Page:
Chapter 19 - Step 3

This step involves cutting all the wing foam and then assemblying the various sections.

Preparing to cut planform February 7, 2003. Here is a set of wing foam blocks layed out with the planform measured out. You can see the straight edges in place.

Preparing to cut airfoils February 8, 2003. Here is the right, inboard section ready to be cut to shape. The planform has been cut and the two templates are in place. You can see the extra foam in place on top.

I heard of other builders using some 3M spray adhesive to temporarily glue the foam blocks together instead of the plans method of using sticks and 5-minute epoxy. I like the idea and dug out the spray I used for sticking the template paper to the masonite. This didn't work at all. The blocks got sticky but the blocks easily came apart. I went down the street to our local Art supply store and bought two other 3M spray adhesives. I tried each on some scrap foam. One partially melted the foam - and this was a foam specific spray, and the other simply didn't hold at all. Being lazy I just decided to cut the foam without gluing them at all. Cutting the planforms was real easy. I simply lined the blocks up properly using marks I made on them, placed some weights on the blocks so they wouldn't move and cut all the planforms by myself - worked just fine. Next, the jigs were nailed into place and the nails easily hold everything together as long as I don't try picking it all up. Careful sliding is OK. After cutting the airfoils I simply marked all the blocks and set them aside for later microing together.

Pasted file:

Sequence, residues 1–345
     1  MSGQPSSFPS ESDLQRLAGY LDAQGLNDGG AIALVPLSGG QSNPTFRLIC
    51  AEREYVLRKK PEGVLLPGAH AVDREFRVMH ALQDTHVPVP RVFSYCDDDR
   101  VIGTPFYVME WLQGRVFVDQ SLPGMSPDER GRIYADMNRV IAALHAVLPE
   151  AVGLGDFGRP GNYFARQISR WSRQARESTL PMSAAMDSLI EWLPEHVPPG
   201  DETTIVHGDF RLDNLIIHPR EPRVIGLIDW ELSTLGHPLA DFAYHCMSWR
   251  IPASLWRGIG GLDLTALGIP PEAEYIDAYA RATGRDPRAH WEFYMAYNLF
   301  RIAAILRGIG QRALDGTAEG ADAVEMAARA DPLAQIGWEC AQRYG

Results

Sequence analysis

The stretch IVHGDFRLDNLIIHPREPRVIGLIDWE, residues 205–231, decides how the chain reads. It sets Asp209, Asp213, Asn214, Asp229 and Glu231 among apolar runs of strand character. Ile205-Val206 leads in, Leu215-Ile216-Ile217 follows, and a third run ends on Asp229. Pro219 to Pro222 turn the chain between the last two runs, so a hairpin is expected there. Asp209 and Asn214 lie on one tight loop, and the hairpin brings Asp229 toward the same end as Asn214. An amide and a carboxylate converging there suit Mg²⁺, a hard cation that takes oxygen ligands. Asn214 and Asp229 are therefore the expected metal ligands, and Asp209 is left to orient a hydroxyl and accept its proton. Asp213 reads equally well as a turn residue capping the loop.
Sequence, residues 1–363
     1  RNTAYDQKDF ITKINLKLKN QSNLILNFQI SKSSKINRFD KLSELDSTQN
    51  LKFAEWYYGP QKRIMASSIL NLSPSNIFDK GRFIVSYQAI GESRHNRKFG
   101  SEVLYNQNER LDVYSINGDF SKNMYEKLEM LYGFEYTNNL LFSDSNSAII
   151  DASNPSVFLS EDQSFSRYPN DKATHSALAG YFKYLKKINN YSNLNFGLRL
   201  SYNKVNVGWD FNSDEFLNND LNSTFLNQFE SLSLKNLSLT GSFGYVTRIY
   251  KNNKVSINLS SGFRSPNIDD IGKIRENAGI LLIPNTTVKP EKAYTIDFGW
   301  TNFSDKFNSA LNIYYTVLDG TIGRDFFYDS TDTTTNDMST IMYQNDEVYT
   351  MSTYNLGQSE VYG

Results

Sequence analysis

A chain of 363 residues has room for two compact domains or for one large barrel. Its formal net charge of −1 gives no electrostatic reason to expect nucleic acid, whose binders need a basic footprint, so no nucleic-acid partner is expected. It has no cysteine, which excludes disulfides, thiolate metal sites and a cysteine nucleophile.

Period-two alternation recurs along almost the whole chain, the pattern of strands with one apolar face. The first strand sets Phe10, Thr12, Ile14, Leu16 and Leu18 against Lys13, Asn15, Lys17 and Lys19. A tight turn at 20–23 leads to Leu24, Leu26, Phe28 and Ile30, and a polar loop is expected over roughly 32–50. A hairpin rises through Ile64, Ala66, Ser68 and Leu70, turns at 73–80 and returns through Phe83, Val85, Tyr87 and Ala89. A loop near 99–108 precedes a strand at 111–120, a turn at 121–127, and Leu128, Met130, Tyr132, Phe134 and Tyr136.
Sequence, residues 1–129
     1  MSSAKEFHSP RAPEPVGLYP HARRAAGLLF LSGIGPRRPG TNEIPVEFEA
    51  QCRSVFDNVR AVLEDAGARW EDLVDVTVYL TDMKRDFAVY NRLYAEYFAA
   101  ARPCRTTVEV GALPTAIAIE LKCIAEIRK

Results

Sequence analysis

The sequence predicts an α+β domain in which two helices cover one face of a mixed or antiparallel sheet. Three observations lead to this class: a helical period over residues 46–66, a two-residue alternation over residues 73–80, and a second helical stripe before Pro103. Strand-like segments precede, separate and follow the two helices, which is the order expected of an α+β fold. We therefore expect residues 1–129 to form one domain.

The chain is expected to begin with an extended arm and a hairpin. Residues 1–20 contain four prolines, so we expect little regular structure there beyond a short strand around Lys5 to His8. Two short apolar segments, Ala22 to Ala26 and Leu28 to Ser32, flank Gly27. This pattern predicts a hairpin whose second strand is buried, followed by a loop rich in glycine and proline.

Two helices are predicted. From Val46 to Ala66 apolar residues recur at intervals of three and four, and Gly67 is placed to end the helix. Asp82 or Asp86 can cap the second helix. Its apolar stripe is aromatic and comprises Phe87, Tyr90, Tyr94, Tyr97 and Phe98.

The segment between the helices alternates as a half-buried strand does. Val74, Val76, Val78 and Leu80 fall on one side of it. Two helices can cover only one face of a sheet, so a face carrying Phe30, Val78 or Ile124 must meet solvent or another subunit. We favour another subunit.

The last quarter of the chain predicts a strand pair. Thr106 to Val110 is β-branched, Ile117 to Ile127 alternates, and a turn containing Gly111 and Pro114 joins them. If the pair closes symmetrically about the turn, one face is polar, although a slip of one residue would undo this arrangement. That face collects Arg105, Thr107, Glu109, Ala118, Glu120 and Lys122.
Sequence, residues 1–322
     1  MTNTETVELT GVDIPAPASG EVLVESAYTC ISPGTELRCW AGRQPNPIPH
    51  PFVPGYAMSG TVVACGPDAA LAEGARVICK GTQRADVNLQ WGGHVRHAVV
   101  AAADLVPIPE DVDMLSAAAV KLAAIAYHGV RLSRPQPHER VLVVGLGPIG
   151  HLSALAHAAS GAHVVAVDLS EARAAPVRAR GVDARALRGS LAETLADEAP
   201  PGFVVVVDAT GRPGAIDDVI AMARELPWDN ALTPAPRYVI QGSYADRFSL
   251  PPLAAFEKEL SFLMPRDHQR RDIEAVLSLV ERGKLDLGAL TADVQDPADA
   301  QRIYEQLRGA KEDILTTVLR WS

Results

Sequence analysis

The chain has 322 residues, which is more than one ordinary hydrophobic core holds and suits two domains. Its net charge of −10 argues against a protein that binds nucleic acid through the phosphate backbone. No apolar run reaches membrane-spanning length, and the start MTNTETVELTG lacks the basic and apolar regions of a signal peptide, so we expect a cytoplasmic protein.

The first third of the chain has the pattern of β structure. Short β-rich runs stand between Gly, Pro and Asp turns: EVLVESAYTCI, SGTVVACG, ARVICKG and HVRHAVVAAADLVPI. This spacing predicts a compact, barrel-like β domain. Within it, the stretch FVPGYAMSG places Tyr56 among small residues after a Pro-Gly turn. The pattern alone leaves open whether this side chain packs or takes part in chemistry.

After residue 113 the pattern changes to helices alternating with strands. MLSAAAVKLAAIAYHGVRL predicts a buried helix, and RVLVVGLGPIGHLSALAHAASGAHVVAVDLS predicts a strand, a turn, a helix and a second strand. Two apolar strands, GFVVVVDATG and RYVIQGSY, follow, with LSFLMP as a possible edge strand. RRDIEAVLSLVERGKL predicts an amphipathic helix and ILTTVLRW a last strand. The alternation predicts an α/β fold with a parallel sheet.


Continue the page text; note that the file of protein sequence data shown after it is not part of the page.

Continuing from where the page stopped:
Foam, foam, everywhere February 8, 2003. Here is a shot after I cut all the planforms - there is blue foam everywhere.

Wing template February 16, 2003. Here is a shot of a wing template attached to the foam. You may notice that there are two smaller pieces attached to the template that cover the spar cap cutouts. This allows me to cut the airfoil in two steps. The first pass I just go from leading to trailing edge. I then remove the extra piece and cut the spar cap trough in a separate step. This makes it easier to cut nice straight troughs. NOTE: However, it is important that you still pause at positions 12 and 16 to let the wire lag catch up on the first pass. I didn't do this on some of the cores and it caused the troughs to have a slight sag in them.